Carole Seligman: I want to ask you about the dissent written by Judge Fletcher in the Appeals Court. You have said that this dissent was unprecedented. Could you outline the main points of the dissent and tell us why the Supreme Court ignored it?
Kevin Cooper: I can’t answer why the Supreme Court ignored it. They’re in their own world. But I do know that Judge Fletcher’s dissent, which was agreed to by 11 Federal Circuit Judges, was unprecedented because it has never been done before.
In the history of death penalty cases, there have never been 11 federal circuit judges who came out on the side of a death row inmate. There has never been five Federal Circuit Judges that said that a death row inmate was innocent or said that a state was maybe about to execute that innocent man. So that’s one reason why it’s unprecedented.
It’s also unprecedented in its length. It is 103-plus pages. And within those 103-plus pages, Judge Fletcher not only goes step by step through the history of this case and my wrongful conviction, but he also proves how the State of California has violated my Constitutional Rights by withholding material exculpatory evidence up to eight times, depending how you count them. For example, they withheld the paperwork. Then they withheld things other than the paperwork. And they shouldn’t have withheld any of it! He exposed how the state has framed me, step by step, how they went about doing things. How they went about ignoring evidence that pointed to other people. And everything. So this, in itself is unprecedented.
Throughout the history of this country some cases have come out, maybe one at a time, where judges have lied and said a person is guilty, but judges don’t lie and say a person’s innocent! So this, together, is all unprecedented.
Carole Seligman: You’ve made a statement asking for people to help defend you and support you. How can they help?
Kevin Cooper: By getting involved to end this historic and horrific crime against humanity called the Death Penalty. Whether or not they’re actually helping me on my case per se is irrelevant to me. As long as they’re helping to end the death penalty, then they are helping me, because I am my brother’s keeper. And my brother and sisters’ keeper is me. We are all connected. We’re all in this. My family is just as much a victim in this as other people’s families are victims. So we all have to help each other.
This is my wish. That people will just get involved in abolishing death penalty.
Carole Seligman: Some people in the abolition movement have put forward sentences of life without the possibility of parole (LWOP) as an alternative for death row prisoners. What do you think about that idea?
Kevin Cooper: Some people call it permanent imprisonment. But, whatever you call it, it’s a death sentence. When they execute you, you’re dead without parole. And when you get life, without the possibility of parole, you’re dead without parole. It’s all the same thing. These people, for the most part, in my opinion, who are advocating this idea of life without the possibility of parole, have no idea what it’s like to live in these places.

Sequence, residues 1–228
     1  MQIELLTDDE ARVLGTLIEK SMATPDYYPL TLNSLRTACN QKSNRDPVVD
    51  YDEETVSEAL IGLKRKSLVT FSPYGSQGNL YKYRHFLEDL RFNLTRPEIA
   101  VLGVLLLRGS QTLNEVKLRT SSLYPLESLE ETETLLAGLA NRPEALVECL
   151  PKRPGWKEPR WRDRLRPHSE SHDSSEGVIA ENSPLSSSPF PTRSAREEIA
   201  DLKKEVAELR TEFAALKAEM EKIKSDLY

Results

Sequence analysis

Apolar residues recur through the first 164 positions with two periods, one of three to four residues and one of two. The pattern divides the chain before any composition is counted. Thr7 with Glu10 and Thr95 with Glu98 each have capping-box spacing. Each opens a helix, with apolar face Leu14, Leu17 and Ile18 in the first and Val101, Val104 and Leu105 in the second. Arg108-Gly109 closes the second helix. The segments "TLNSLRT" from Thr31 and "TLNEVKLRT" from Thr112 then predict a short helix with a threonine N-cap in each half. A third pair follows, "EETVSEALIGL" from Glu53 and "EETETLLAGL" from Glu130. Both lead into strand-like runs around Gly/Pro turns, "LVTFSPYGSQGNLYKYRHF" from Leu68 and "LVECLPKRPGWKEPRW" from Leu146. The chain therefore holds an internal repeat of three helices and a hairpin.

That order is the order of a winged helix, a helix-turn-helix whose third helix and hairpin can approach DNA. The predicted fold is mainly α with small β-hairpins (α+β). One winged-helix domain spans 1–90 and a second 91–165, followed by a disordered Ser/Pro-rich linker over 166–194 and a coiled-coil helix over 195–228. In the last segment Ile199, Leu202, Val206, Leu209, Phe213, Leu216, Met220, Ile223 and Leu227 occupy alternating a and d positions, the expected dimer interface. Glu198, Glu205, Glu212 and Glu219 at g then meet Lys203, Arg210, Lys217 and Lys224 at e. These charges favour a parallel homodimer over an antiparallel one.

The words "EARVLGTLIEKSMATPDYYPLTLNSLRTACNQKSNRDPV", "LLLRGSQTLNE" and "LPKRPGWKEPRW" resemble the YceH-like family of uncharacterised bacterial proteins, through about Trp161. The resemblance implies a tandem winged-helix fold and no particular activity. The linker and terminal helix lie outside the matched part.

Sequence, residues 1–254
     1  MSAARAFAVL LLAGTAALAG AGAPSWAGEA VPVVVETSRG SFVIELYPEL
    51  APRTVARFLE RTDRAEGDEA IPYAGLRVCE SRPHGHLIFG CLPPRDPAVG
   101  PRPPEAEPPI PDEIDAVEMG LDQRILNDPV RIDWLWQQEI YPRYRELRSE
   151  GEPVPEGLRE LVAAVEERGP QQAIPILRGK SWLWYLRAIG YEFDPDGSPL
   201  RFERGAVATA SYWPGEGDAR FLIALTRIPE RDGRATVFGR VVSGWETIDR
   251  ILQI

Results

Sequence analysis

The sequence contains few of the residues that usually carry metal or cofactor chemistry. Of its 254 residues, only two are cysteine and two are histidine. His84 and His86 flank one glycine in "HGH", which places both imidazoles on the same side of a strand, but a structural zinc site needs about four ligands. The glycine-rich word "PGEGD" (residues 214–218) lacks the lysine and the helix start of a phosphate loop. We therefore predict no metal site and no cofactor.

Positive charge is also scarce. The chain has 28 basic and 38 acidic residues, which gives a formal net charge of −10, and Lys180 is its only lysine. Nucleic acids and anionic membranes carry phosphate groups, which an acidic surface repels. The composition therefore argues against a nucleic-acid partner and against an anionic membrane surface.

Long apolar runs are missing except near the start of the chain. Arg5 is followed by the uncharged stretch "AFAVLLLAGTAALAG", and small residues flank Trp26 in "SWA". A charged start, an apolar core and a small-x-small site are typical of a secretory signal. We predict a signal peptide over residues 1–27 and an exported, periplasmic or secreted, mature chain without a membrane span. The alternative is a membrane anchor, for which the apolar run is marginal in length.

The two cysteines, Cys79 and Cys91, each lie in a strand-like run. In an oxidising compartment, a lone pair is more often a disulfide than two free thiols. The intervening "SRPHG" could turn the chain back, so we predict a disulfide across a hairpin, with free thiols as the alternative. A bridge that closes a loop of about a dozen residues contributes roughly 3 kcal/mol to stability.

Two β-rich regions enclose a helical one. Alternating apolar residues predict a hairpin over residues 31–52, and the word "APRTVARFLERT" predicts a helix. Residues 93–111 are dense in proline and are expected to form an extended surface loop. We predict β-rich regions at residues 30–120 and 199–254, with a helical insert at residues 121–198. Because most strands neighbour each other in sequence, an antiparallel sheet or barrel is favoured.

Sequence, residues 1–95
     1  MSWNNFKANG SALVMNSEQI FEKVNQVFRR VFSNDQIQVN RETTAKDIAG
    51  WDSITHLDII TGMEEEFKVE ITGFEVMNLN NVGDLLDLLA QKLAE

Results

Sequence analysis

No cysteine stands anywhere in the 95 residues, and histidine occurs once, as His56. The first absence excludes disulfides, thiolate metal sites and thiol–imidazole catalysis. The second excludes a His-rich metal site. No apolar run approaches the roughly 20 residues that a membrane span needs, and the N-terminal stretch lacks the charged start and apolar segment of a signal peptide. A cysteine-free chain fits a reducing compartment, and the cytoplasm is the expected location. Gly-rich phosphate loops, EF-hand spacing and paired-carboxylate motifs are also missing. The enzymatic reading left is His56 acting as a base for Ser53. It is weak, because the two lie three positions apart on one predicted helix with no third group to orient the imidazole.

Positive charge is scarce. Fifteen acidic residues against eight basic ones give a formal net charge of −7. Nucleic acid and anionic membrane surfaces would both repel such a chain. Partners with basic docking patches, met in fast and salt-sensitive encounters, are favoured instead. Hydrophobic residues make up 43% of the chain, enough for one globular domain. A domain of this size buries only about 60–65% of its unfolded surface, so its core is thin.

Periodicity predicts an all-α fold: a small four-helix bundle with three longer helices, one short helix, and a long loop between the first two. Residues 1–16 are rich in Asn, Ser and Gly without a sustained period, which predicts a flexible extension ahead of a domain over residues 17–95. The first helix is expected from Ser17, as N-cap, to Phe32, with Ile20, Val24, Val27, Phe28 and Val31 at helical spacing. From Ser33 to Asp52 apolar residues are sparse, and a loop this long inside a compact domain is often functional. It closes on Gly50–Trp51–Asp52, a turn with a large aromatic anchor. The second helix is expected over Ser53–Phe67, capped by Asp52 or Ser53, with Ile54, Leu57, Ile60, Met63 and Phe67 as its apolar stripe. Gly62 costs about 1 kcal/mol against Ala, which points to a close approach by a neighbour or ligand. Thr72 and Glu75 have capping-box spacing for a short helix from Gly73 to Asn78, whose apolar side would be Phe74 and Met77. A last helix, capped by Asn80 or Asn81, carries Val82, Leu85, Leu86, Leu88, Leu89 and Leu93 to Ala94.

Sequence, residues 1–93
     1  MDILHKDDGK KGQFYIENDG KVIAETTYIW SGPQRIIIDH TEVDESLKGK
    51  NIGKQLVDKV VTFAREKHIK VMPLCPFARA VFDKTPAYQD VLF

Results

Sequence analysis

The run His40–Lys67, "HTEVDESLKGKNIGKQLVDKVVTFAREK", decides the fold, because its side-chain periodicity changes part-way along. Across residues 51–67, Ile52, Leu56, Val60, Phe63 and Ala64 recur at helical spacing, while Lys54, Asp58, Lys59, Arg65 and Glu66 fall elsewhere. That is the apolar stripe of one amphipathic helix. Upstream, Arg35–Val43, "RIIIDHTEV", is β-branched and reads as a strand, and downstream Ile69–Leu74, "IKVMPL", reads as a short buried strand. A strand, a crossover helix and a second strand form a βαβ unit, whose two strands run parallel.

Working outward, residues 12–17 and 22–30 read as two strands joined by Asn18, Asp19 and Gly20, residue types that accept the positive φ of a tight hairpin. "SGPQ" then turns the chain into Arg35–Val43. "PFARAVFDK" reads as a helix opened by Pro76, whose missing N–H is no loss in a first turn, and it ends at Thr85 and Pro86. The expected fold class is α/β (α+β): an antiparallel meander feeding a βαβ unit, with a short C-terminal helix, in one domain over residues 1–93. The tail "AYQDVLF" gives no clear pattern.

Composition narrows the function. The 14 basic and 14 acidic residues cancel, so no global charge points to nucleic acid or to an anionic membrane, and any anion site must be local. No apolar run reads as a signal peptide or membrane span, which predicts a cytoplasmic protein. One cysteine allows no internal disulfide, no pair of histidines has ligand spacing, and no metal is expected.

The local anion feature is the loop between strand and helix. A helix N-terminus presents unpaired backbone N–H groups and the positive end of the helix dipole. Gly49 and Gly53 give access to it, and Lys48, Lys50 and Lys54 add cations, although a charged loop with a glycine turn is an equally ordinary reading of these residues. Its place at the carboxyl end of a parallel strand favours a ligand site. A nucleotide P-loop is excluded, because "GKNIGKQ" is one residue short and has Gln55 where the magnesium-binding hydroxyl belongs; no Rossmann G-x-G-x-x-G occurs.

This is no life! Prison correction officer looking up your butt three or four times a day. Eating food that’s not fit for animals. Being told what you can do and can’t do all the time. Being led around like an animal. This is no life. Being paid slave wages for a hard day’s work. Being told how to kiss your visitor; being told how you can hug your loved ones and how you can’t hug ’em. No, no, this is no life. This is no life. I wish those people who are advocating these things would stop and really think about what they’re doing. If they really think this is the lesser of two evils, they have no idea of what evil is.
Carole Seligman: Kevin, what you are saying now relates to the idea of the tour “Lynching Then and Now, the Roots of the Death Penalty in Slavery,” that you were a part of. Can you comment on that?
Kevin Cooper: Those people on those plantations were doing life without parole. I don’t think they liked it too well. This prison industrial complex is a big plantation. Its foundation is built upon slavery. We people who are stuck in these places are still slaves.
You are listening to the voice of a 21st century slave because I have not been freed under the Emancipation Proclamation that Abraham Lincoln signed. Nor has any other man or woman in prison or on Death Row.
Carole Seligman: Is there anything else you would like to say?
Kevin Cooper: All over this world, wherever there are human beings, there is one group of people oppressing another group of people. Those people who are being oppressed are all crying out the same thing. No matter what language they say it in, no matter what country they say it from. They are all telling their oppressor to get his foot off our neck; his needles out our arms, his bullets out our back, and his shackles off our ankles. He has no right to oppress us, or do the things to us that he is doing; ’cause, after all, he’s just a human being, no better and no worse than us. And yet because of his class or his position in life, he and his choose to mess over us ’cause they don’t have to. They choose to. And this must come to an end.
Carole Seligman is an antiwar and human rights activist.